In the early morning hours of April 12, 1865, two Union officers arrived here and delivered a telegram from General Ulysses S. Grant to General William T. Sherman, who was quartered in the Old Johnston County Courthouse.

posted by: Groundspeak Regular Member Don.Morfe

location: North Carolina

date approved: 10/11/2020

last visited: 10/1/2021

Image for Fort Fisher State Historic Site - Kure Beach NCview gallery

SWSW145.6 km

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U.S. Civil War SitesFort Fisher State Historic Site - Kure Beach NC

in U.S. Civil War Sites

Largest earthen coastal fortification in the Confederacy. Original construction commenced May, 1861 and continued until December, 1864, when the fort came under Federal assault.

posted by: Groundspeak Regular Member Don.Morfe

location: North Carolina

date approved: 10/11/2020

last visited: 10/1/2021

Image for Headquarters of Fort Fisher - Kure Beach NCview gallery

SWSW145.6 km

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U.S. Civil War SitesHeadquarters of Fort Fisher - Kure Beach NC

in U.S. Civil War Sites

Here stood the Headquarters of Fort Fisher. The construction of the fort began in the summer of 1862 under the direction of Colonel William Lamb Commandant.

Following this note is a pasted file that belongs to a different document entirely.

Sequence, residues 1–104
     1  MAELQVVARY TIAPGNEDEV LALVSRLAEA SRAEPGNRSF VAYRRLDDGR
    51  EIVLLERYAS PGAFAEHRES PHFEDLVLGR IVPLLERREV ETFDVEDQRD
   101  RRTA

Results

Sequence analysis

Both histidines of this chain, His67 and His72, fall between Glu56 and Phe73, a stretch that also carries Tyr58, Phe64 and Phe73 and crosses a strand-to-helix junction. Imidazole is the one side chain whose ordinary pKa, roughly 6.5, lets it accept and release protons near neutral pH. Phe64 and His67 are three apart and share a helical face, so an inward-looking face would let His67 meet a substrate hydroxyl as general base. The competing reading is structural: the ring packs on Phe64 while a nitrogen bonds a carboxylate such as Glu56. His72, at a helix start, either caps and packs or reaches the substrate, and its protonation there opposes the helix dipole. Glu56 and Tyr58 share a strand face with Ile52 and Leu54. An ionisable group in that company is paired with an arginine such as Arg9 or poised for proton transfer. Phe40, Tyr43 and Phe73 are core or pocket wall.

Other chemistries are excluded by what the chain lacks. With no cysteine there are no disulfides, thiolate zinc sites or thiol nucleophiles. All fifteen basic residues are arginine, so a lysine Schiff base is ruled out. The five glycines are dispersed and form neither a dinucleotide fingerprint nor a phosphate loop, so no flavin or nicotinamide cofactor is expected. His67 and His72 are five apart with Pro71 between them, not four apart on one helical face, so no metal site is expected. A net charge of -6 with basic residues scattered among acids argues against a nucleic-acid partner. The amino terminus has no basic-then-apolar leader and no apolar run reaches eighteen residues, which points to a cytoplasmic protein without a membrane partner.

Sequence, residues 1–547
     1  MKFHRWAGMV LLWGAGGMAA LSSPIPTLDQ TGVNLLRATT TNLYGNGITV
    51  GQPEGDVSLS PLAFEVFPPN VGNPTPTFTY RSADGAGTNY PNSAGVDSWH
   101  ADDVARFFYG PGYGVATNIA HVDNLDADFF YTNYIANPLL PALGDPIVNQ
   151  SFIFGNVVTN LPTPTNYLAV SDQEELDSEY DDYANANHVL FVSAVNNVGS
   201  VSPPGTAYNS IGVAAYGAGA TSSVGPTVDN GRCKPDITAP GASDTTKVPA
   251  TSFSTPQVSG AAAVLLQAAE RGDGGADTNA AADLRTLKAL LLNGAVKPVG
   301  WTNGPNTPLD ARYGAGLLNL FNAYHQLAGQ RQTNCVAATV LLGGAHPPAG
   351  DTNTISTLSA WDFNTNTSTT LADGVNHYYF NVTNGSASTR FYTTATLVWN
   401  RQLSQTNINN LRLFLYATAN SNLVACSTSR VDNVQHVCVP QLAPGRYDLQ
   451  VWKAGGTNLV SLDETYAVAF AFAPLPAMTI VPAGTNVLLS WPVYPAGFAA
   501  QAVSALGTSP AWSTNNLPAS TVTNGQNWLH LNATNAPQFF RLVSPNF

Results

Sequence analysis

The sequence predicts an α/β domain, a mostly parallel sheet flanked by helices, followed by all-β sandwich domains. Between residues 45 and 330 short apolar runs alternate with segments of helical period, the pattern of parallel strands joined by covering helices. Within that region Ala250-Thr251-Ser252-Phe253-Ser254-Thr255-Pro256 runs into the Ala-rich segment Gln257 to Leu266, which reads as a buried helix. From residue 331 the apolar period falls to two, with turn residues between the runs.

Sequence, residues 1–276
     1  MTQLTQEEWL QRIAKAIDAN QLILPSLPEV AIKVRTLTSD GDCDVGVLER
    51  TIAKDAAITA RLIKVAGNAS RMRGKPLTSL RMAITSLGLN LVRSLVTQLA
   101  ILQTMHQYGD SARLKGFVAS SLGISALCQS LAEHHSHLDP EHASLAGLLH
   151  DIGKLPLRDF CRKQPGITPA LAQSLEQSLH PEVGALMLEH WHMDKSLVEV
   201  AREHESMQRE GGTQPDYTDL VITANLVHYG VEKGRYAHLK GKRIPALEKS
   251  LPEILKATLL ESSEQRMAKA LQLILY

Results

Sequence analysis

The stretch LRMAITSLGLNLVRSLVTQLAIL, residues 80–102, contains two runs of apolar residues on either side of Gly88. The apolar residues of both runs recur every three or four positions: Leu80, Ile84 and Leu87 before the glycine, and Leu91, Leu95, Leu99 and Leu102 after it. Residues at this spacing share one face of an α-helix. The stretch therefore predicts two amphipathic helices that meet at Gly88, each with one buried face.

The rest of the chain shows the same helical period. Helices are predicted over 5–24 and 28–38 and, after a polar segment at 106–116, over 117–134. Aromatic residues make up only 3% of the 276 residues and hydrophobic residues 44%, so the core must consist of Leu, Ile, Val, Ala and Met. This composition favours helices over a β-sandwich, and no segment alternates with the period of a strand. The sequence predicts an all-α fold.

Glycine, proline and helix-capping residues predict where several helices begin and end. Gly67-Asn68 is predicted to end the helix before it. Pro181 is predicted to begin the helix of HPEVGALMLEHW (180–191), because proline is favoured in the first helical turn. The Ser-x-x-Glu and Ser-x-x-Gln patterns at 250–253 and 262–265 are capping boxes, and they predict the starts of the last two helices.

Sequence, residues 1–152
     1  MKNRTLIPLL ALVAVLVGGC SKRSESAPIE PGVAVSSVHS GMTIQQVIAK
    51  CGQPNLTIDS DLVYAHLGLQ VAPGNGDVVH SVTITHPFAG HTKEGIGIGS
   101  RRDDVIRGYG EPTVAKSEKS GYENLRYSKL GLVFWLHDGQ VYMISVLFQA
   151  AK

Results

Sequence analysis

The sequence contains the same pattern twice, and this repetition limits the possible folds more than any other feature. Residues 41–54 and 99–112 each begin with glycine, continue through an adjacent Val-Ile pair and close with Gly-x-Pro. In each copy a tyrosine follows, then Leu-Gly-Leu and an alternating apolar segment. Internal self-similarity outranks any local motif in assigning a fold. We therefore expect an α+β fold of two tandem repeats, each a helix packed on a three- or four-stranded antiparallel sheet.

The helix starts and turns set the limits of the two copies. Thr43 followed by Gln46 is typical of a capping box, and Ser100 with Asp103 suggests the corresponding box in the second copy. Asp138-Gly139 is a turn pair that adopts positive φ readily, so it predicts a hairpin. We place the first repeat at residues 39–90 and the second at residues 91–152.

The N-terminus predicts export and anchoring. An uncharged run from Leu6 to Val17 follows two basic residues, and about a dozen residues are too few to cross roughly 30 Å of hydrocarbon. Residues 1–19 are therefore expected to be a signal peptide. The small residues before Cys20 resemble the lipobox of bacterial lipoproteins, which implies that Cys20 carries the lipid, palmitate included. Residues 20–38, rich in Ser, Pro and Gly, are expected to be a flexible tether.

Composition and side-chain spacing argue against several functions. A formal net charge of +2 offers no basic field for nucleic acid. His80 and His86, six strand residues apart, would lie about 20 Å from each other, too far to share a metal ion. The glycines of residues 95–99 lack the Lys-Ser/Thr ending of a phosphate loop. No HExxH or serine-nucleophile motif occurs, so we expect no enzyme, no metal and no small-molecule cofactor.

posted by: Groundspeak Regular Member Don.Morfe

location: North Carolina

date approved: 10/11/2020

last visited: 10/1/2021

Image for Burnside Expedition of 1862 - Manteo NCview gallery

NENE153.5 km

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U.S. Civil War SitesBurnside Expedition of 1862 - Manteo NC

in U.S. Civil War Sites

Much of coastal North Carolina fell to Union forces in 1862. Under Maj. Gen. Ambrose Burnside, a Rhode Islander, Union forces swept across the region, rolling up one victory after another.

posted by: Groundspeak Regular Member Don.Morfe

location: North Carolina

date approved: 10/9/2020

last visited: 10/1/2021

Total Records: 22 Page: 1 of 1 prev<<<[1]>>>next